Wherever you are, whatever you’re doing, you’re struggling with something right now.
You might be trudging outside on the daily, combating the snow mounting on your boots while flurries freeze whatever parts of your face the giant parka you sport is failing to cover. Maybe you wish you were someplace cool, because you’re about sick of sweating and eighty degree nights are failing to offset hundred degree days.
The grass is always greener, tomorrow continues to look a bit better than today ever did and you’re really just attempting to make a good go at life.
If we are to believe the founder of behavioral economics, Daniel Kahneman, the secret to life satisfaction comes in four factors: friendship, religion, meaning and goals. But that’s not all.
Passion means satisfaction.
According to Kahneman, people who characterize as being severely passionate about something, who have consistent minor successes in their lives versus larger, more rare achievements and who are not materialistic are leading the pack when it comes to happiness.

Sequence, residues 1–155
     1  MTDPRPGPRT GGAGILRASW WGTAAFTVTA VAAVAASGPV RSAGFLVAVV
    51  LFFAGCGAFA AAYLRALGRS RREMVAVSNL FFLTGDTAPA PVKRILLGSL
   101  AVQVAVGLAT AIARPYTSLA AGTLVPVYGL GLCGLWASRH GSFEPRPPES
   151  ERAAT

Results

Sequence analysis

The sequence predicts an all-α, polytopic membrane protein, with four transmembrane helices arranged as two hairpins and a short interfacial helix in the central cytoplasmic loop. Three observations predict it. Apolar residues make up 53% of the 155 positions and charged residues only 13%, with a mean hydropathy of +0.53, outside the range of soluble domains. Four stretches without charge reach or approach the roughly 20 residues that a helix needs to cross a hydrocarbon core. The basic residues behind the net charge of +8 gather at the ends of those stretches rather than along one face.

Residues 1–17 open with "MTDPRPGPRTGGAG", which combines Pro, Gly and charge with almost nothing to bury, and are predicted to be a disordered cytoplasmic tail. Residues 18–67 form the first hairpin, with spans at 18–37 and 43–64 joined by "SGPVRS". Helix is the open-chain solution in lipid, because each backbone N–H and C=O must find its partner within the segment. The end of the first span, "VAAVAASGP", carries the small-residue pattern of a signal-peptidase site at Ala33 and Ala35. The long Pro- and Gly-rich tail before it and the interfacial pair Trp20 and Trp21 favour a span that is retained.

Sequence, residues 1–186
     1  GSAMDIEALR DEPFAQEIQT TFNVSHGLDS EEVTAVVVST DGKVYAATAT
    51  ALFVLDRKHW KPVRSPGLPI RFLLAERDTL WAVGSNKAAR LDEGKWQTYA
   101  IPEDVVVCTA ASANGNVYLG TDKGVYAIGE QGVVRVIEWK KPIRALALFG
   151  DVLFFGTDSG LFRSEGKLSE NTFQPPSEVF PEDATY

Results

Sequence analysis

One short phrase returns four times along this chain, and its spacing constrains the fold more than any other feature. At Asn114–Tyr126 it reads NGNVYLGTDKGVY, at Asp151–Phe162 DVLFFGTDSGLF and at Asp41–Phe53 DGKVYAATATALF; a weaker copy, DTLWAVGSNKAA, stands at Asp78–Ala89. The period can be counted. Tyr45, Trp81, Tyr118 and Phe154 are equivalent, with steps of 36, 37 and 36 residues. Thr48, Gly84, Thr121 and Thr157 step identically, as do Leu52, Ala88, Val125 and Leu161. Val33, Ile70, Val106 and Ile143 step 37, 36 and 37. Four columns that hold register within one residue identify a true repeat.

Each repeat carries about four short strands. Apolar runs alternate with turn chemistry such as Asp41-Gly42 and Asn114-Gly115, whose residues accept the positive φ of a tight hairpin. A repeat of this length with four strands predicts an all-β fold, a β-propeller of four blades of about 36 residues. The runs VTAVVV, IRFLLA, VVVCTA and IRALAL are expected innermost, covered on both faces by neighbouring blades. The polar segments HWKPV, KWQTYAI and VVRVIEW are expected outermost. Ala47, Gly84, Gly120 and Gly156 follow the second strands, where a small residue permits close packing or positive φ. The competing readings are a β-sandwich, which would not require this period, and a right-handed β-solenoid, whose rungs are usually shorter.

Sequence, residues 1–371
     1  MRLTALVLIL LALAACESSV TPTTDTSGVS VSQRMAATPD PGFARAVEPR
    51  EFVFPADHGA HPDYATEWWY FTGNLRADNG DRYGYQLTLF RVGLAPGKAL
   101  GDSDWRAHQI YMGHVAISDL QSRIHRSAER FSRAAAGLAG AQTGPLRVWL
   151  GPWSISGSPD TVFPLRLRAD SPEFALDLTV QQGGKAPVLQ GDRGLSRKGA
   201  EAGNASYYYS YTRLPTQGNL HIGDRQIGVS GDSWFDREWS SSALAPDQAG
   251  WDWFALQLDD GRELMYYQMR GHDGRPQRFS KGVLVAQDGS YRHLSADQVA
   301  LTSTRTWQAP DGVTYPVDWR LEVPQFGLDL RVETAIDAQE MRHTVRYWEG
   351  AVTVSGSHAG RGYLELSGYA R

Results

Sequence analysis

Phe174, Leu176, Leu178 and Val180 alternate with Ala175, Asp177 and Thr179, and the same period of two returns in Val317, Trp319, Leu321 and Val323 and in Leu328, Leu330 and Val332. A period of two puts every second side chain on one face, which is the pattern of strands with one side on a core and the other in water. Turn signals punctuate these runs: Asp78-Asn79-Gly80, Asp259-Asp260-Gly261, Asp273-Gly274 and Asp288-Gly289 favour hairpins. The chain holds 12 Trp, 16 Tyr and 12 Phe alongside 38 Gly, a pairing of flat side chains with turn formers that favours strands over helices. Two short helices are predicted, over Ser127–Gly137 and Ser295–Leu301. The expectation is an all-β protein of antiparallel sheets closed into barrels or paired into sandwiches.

There are small ways we can add more of the four above referenced factors in our lives; incorporating a coffee date with a good friend into the week may seem like a chore at first but the feeling you’ll have after the fact will almost certainly contribute to your overall satisfaction. It’s more the community-based, ritualistic nature of religion that seems to drive its happiness factor, so we’ll consider that another social behavior as well.
Meaning and goals, however, aren’t quite as simple. So what do these two factors have in common?
Having a sense of purpose and a highlight to work toward are both mentalities that the right job can provide. That means that once you’ve solidified a good occupation, 50 percent of the “satisfaction recipe” could be fulfilled. This, in turn, will equate to a better quality of life, as happy workers are good workers and good workers will work harder for any given company. Hard work means more revenue.
Friends/Community + Meaning + Goals – Materialism = Happiness
As simple as this formula seems, we could all use a bit of simplicity in between the rush hour traffic and lunch lines that define our lives. So perhaps before writing off these basic facets we should all re-examine what we want.
After all, no goal looks too daunting when you’re trudging through that snow; you have to get through it anyway.